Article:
Wednesday, March 6, 2013

ScienceDaily: Living Well News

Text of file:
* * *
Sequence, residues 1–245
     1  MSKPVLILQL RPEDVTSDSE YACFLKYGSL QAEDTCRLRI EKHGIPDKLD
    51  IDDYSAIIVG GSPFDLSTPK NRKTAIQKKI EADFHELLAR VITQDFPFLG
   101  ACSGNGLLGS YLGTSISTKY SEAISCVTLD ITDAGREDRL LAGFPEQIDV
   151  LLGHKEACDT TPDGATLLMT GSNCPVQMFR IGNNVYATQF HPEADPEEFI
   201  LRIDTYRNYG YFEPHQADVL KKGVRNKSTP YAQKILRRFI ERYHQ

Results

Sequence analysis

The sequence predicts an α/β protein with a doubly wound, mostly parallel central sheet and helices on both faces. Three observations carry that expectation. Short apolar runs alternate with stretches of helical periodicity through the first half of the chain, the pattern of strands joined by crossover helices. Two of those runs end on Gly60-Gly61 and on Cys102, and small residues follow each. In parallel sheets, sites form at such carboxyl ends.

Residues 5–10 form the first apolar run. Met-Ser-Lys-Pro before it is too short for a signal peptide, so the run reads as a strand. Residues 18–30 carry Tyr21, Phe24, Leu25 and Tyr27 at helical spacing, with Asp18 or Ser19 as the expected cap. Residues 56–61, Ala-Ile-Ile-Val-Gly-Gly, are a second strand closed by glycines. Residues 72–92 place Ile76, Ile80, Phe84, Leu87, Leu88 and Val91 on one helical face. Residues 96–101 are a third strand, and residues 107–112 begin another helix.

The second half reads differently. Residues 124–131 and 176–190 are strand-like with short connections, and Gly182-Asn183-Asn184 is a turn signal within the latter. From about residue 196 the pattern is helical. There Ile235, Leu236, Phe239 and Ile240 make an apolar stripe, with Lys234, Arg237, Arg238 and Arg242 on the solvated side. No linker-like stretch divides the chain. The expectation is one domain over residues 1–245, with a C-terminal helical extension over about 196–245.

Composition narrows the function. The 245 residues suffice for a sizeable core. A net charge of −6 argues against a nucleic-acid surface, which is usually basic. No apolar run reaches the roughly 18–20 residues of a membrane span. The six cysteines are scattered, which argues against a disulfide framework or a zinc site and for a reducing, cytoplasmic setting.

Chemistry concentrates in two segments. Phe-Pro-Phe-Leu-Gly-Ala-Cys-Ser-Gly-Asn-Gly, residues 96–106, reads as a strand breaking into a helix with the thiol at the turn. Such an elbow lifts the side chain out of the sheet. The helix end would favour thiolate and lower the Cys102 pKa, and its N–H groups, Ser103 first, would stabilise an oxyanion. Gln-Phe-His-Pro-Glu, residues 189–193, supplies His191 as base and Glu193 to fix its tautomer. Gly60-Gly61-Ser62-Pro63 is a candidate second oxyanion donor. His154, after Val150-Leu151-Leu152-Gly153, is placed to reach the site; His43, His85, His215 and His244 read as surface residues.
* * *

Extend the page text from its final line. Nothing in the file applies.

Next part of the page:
ScienceDaily: Living Well News Stories about health and wellness, lifestyle issues and trends, family concerns and other topics about everyday life.en-usWed, 06 Mar 2013 20:22:06 ESTWed, 06 Mar 2013 20:22:06 EST60ScienceDaily: Living Well News For more science articles, visit ScienceDaily.Circuitry of cells involved in immunity, autoimmune diseases exposed: Connections point to interplay between salt and genetic factors New work expands the understanding of how Th17 cells develop, and how their growth influences the development of immune responses. By figuring out how these cells are "wired," the researchers make a surprising connection between autoimmunity and salt consumption, highlighting the interplay of genetics and environmental factors in disease susceptibility.Wed, 06 Mar 2013 13:42:42 EST it or lose it: Molecular mechanism for why a stimulating environment protects against Alzheimer's disease Researchers provide specific pre-clinical scientific evidence supporting the concept that prolonged and intensive stimulation by an enriched environment, especially regular exposure to new activities, may have beneficial effects in delaying one of the key negative factors in Alzheimer's disease.Wed, 06 Mar 2013 13:42:42 EST advising boosts student persistence, class performance Researcher found that getting intrusive could increase student support at universities. The researcher examined intrusive advising -- working with at-risk students to identify challenges and solutions to overcome them -- in residence halls.Tue, 05 Mar 2013 17:40:40 EST fish is better than supplements: Omega-3s from fish vs. fish oil pills better at maintaining blood pressure in mouse model Researchers show how fish oils help lower blood pressure via vasodilation at ion channels. In vascular smooth muscle cells, such as those that line blood vessels, ion channels that span the outer membrane of a cell to let such ions as sodium, calcium, and potassium in and out, are critical to maintaining proper vessel pressure.Tue, 05 Mar 2013 15:45:45 EST tea extract interferes with the formation of amyloid plaques in Alzheimer's disease Researchers have found a new potential benefit of a molecule in green tea: preventing the misfolding of specific proteins in the brain.Tue, 05 Mar 2013 14:51:51 EST away from back pain A new study says a low-cost program of aerobic walking is just as effective as expensive clinical therapy in the treatment of lower back pain.Tue, 05 Mar 2013 13:14:14 EST who play video games report better sense of emotional well-being New research finds that older adults who play video games report higher levels of emotional well-being.Tue, 05 Mar 2013 13:12:12 EST diet products: Why are more independent consumers better at delaying gratification? Product benefits that occur later in time are more likely to appeal to more independent consumers than to those who are more group or family oriented, according to a new study.Tue, 05 Mar 2013 13:07:07 EST development has some developers thinking -- and seeing -- green Homes in neighborhoods that incorporate protected open space command prices 20 to 29 percent higher than those without open space, according to a new study.Tue, 05 Mar 2013 13:04:04 EST, Spock together: Putting emotion, logic into computational words In a large neuroimaging study, 127 volunteers played a take-it-or-leave-it game that shows cold reasoning and hot feelings may be more intimately connected than previously thought.Tue, 05 Mar 2013 10:09:09 EST benefits of marriage may not extend to all Marriage may not always be as beneficial to health as experts have led us to believe, according to a new study.Tue, 05 Mar 2013 10:09:09 EST of divorced parents more likely to switch, pull away from religions Adults whose parents were divorced are more likely to switch religions or disassociate themselves from institutional religions altogether -- but growing up in a single-parent family does not have any effect on private religious life, including praying, according to a new study.Tue, 05 Mar 2013 09:09:09 EST cuts both ways: Hurting someone else can hurt the one who inflicts pain just as much If you think giving someone the cold shoulder inflicts pain only on them, beware. A new study shows that individuals who deliberately shun another person are equally distressed by the experience.Tue, 05 Mar 2013 08:04:04 EST baby still breathing? Is mom's obsession normal? A new mother may constantly worry and check to see if her baby is breathing. Or she may obsess about germs. A new study found postpartum moms have a much higher rate of obsessive-compulsive symptoms than the general population. This is the first large-scale study of obsessive-compulsive symptoms in new moms. The symptoms could result from hormonal changes or be adaptive, but may indicate a psychological disorder if they interfere with a mother's functioning.Mon, 04 Mar 2013 15:18:18 EST your brain tires when exercising For the first time ever, a research team is able to explain why our brains feel tired when we exercise. By mapping the mechanism behind so-called central fatigue, the researchers are hoping, among other things, to learn more about how to identify doping use.Mon, 04 Mar 2013 15:18:18 EST key to good sleep Exercise can affect your sleep. The results of the National Sleep Foundation's 2013 Sleep in America? poll show a compelling association between exercise and better sleep.Mon, 04 Mar 2013 12:35:35 EST drinking widespread around the world A new study shows that alcohol is now the third leading cause of the global burden of disease and injury, despite the fact most adults worldwide abstain from drinking.Mon, 04 Mar 2013 12:35:35 EST judges influenced by apologies Debtors who apologized were seen as more remorseful and were expected to manage their finances more carefully in the future compared to debtors who did not offer an apology, finds a new study.Mon, 04 Mar 2013 12:35:35 EST discovery reveals importance of eating your greens Eating your greens may be even more important that previously thought, with the discovery that an immune cell population essential for intestinal health could be controlled by leafy greens in your diet. The immune cells, named innate lymphoid cells, are found in the lining of the digestive system and protect the body from 'bad' bacteria in the intestine. They are also believed to play an important role in controlling food allergies, inflammatory diseases and obesity, and may even prevent the development of bowel cancers.Mon, 04 Mar 2013 10:56:56 EST's cigarette habit could be the cause of grandchild's asthma Studies finding that grandmother's smoking habit may cause her grandchild to have asthma suggest environmental factors experienced today can affect families' health for generations to come.Mon, 04 Mar 2013 10:55:55 EST 'Likes' a good indicator of quality hospital care While those active on social media aren't shy about expressing opinions on their Facebook pages, how much do their "Likes" really reflect the quality of an organization? A new study shows that Facebook "Likes" were indeed an indicator of hospital quality and patient satisfaction.Fri, 01 Mar 2013 12:33:33 EST permanently changes foot size A new study of women's feet during and after pregnancy shows that arch height and arch rigidity decrease significantly from early pregnancy to five months after childbirth, causing corresponding increases in foot length that appear to be permanent.Fri, 01 Mar 2013 12:23:23 EST doesn't change young girls' desire to have children, study shows Researchers have found that healthy adolescent females have predetermined expectations for becoming parents in the future, but have concerns about fertility and childbearing should they develop a life-threatening illness, such as cancer.Fri, 01 Mar 2013 03:48:48 EST with identifying meat? The answer is to check the barcode Want to know what you are eating? DNA barcodes can be used to identify even very closely related species, finds a new article. Results from the study show that the labelling of game meat in South Africa is very poor with different species being substituted almost 80 percent of the time.Thu, 28 Feb 2013 19:46:46 EST can't cope with making a left-hand turn and talking on hands-free cell phone Most serious traffic accidents occur when drivers are making a left-hand turn at a busy intersection. When those drivers are also talking on a hands-free cell phone, "that could be the most dangerous thing they ever do on the road," said an expert.Thu, 28 Feb 2013 12:41:41 EST video games boost reading skills, study of children with dyslexia suggests Much to the chagrin of parents who think their kids should spend less time playing video games and more time studying, time spent playing action video games can actually make dyslexic children read better, new research suggests. In fact, 12 hours of video game play did more for reading skills than is normally achieved with a year of spontaneous reading development or demanding traditional reading treatments.Thu, 28 Feb 2013 12:41:41 EST'Crazy-busy' Canadians under pressure on the job Having more control in the workplace can have negative consequences for individuals, but it depends on the form of job control. Having control over one's work schedule and job autonomy are associated with lower levels of job pressure.Thu, 28 Feb 2013 10:34:34 EST junk food while pregnant may make your child a junk food addict A healthy diet during pregnancy is critical to the future health of your children. New research suggests that pregnant mothers who consume junk food cause developmental changes of the opioid signaling pathway in the brains of their unborn children. Consequently, these children are less sensitive to opioids released upon consumption of foods high in fat and sugar, and need to eat more to achieve a "feel good" response.Thu, 28 Feb 2013 10:34:34 EST, writing, arithmetic, and aerobics: Evaluating the new 'R' in academic performance Although the long-term consequences of childhood obesity are well documented, some school districts have reduced physical education classes to devote more time to the three Rs in education -- reading, writing, and arithmetic. However, there is new evidence that leaving out an important fourth R -- aerobics -- could actually be counterproductive for increasing test scores. A new study studied the associations between aerobic fitness, body mass index, and passing scores on standardized math and reading tests.Thu, 28 Feb 2013 08:05:05 EST some people get zits and others don't Researchers have discovered that acne bacteria contain "bad" strains associated with pimples and "good" strains that may protect the skin. The findings could lead to a myriad of new therapies to prevent and treat the disfiguring skin disorder.Thu, 28 Feb 2013 08:01:01 EST your breath identify stress? The perennial stress-buster -- a deep breath -- could become stress-detector. According to a new pilot study, there are six markers in the breath that could be candidates for use as indicators of stress.Wed, 27 Feb 2013 22:56:56 EST less and moving about more could be more important than vigorous exercise to reduce risk of type 2 diabetes New research reveals that individuals at high risk of developing type 2 diabetes would benefit from being told to sit less and move around more often -- rather than simply exercising regularly. The experts suggest that reducing sitting time by 90 minutes in total per day could lead to important health benefits.Wed, 27 Feb 2013 18:35:35 EST a soccer ball may affect cognitive performance Sports-related head injuries are a growing concern, and new research suggests that even less forceful actions like 'heading' a soccer ball may cause changes in performance on certain cognitive tasks, according to new research.Wed, 27 Feb 2013 18:34:34 EST indoor humidity inactivates flu virus particles Higher humidity levels indoors can significantly reduce the infectivity of influenza virus particles released by coughing, according to new research.Wed, 27 Feb 2013 18:34:34 EST children for their personal qualities may backfire Praising children, especially those with low self-esteem, for their personal qualities rather than their efforts may make them feel more ashamed when they fail, according to new research.Wed, 27 Feb 2013 18:33:33 EST explores factors that impact adolescent mental health Research indicates that half of all lifetime cases of mental illness begin by age 14, well before adulthood. Three new studies investigate the cognitive, genetic and environmental factors that may contribute to mental health disorders in adolescence.Wed, 27 Feb 2013 15:12:12 EST researcher, 98, reports on the dietary causes of heart disease A 98-year-old researcher argues that, contrary to decades of clinical assumptions and advice to patients, dietary cholesterol is good for your heart -- unless that cholesterol is unnaturally oxidized (by frying foods in reused oil, eating lots of polyunsaturated fats, or smoking).Wed, 27 Feb 2013 15:12:12 EST your neighborhood, define your health? Does your neighborhood really define health? Most of us make a choice between suburbs, countryside, or city and settle down. But others, particularly those living in poverty, don?t always get to make that choice ?- the choice that could actually determine our quality and length of life. So how does this choice affect our health?Wed, 27 Feb 2013 13:43:43 EST diet contributes to exposure to endocrine-disrupting chemicals: Phthalates and BPA While water bottles may tout BPA-free labels and personal care products declare phthalates not among their ingredients, these assurances may not be enough. According to a new study, we may be exposed to these chemicals in our diet, even if our diet is organic and we prepare, cook, and store foods in non-plastic containers. Children may be most vulnerable.Wed, 27 Feb 2013 12:19:19 EST makes you delusional and that's not all bad: Trusting partners remember transgressions in ways that benefit the relationship New research is the first to systematically examine the role of trust in biasing memories of transgressions in romantic partnerships. People who are highly trusting tended to remember transgressions in a way that benefits the relationship, remembering partner transgressions as less severe than they originally reported. People low on trust demonstrated the opposite pattern, remembering partner transgressions as being more severe than how they originally reported.?Wed, 27 Feb 2013 11:31:31 EST the new normal in aging Researcher says terms such as "normal," "healthy" or "successful" aging can prejudice our views of seniors.Wed, 27 Feb 2013 11:30:30 EST studies link gene to selfish behavior in kids, find other children natural givers Most parents would agree that raising a generous child is an admirable goal -- but how, exactly, is that accomplished? New results shed light on how generosity and related behaviors -- such as kindness, caring and empathy -- develop, or don't develop, in children from 2 years old through adolescence.Wed, 27 Feb 2013 10:29:29 EST opposite-sex couples have better overall health than same-sex couples who live together Same-sex couples who live together have worse health than married opposite-sex couples and similar health as opposite-sex couples who are living together (after adjusting for socioeconomic differences), according to a new study.Wed, 27 Feb 2013 10:21:21 EST about the future may lead to longer, healthier life Older people who have low expectations for a satisfying future may be more likely to live longer, healthier lives than those who see brighter days ahead, according to new research.Wed, 27 Feb 2013 10:19:19 EST thin models and celebrities really help sell to women? Advertisers who put images of female celebrities and models next to their products spark scorn rather than shopping, according to new research.Wed, 27 Feb 2013 08:58:58 EST much vitamin D during pregnancy can cause food allergies, research suggests Pregnant women should avoid taking vitamin D supplements, new research suggests. Substitution appears to raise the risk of children developing a food allergy after birth.Wed, 27 Feb 2013 08:58:58 EST cohabitors less healthy than those in heterosexual marriages, study suggests Same-sex cohabitors report worse health than people of the same socioeconomic status who are in heterosexual marriages, according to a new study, which may provide fuel for gay marriage proponents.Wed, 27 Feb 2013 08:57:57 EST risk of sleep disorder narcolepsy in children who received swine flu vaccine A study finds an increased risk of narcolepsy in children and adolescents who received the A/H1N1 2009 influenza vaccine (Pandemrix) during the pandemic in England.Tue, 26 Feb 2013 19:40:40 EST Gloves Dangerous in Winter, Says expert Fingers are one of the first body parts to suffer from the cold and popular fingerless texting gloves can lead to frostbite and in worst cases, amputation, says an expert.Tue, 26 Feb 2013 14:12:12 EST becoming a pain in the neck Orthopedic surgeon, spine specialist says excessive leaning head forward and down, while looking at a phone or other mobile device could result in what some people call ?text neck.?Tue, 26 Feb 2013 10:12:12 EST reinforces learning: Children?s brains transform subconsciously learned material into active knowledge During sleep, our brains store what we have learned during the day a process even more effective in children than in adults, new research shows.Tue, 26 Feb 2013 08:11:11 EST diet helps cut risk of heart attack, stroke: Results of PREDIMED study presented Results of a major study aimed at assessing the efficacy of the Mediterranean diet in the primary prevention of cardiovascular diseases show that such a diet supplemented with extra-virgin olive oil or tree nuts reduces by 30 percent the risk of suffering a cardiovascular death, a myocardial infarction or a stroke.Mon, 25 Feb 2013 18:15:15 EST good is good for you: Volunteer adolescents enjoy healthier hearts Giving back through volunteering is good for your heart, even at a young age, according to researchers.Mon, 25 Feb 2013 16:22:22 EST CPR education in high-risk neighborhoods could save more lives Targeting CPR education in high-risk neighborhoods could increase the number of bystanders giving CPR and decrease deaths from cardiac arrest, according to a new statement.Mon, 25 Feb 2013 15:30:30 EST gap disappears in school math competitions The idea that boys are better at math and in competitions has persisted for a long time - primarily because of the competition format. A new study shows that competitions that extend beyond a single round result in parity between the sexes.Mon, 25 Feb 2013 15:30:30 EST surveys show environment ranks low among public concerns A newly released international study reveals that the issue of climate change is not a priority for people in the United States and around the world. The surveys showed that when asked to rank priority worries, people were five times more likely to point to the economy over the environment.Mon, 25 Feb 2013 13:15:15 EST of spirituality can induce liberal attitudes, researchers find People become more politically liberal immediately after practising a spiritual exercise such as meditation, researchers have found.Mon, 25 Feb 2013 13:15:15 EST strategy may help depressed people remember the good times New research highlights a memory strategy that may help people who suffer from depression in recalling positive day-to-day experiences.Mon, 25 Feb 2013 12:20:20 EST question of accountability: What happens when employees are left in the dark? All employees are accountable for something, but very few fully understand exactly what they are accountable for, according to a new study.Mon, 25 Feb 2013 11:23:23 EST Workplace conflicts between women get bad rap A new study suggests troubling perceptions exist when it comes to women involved in disputes at work.Mon, 25 Feb 2013 09:22:22 EST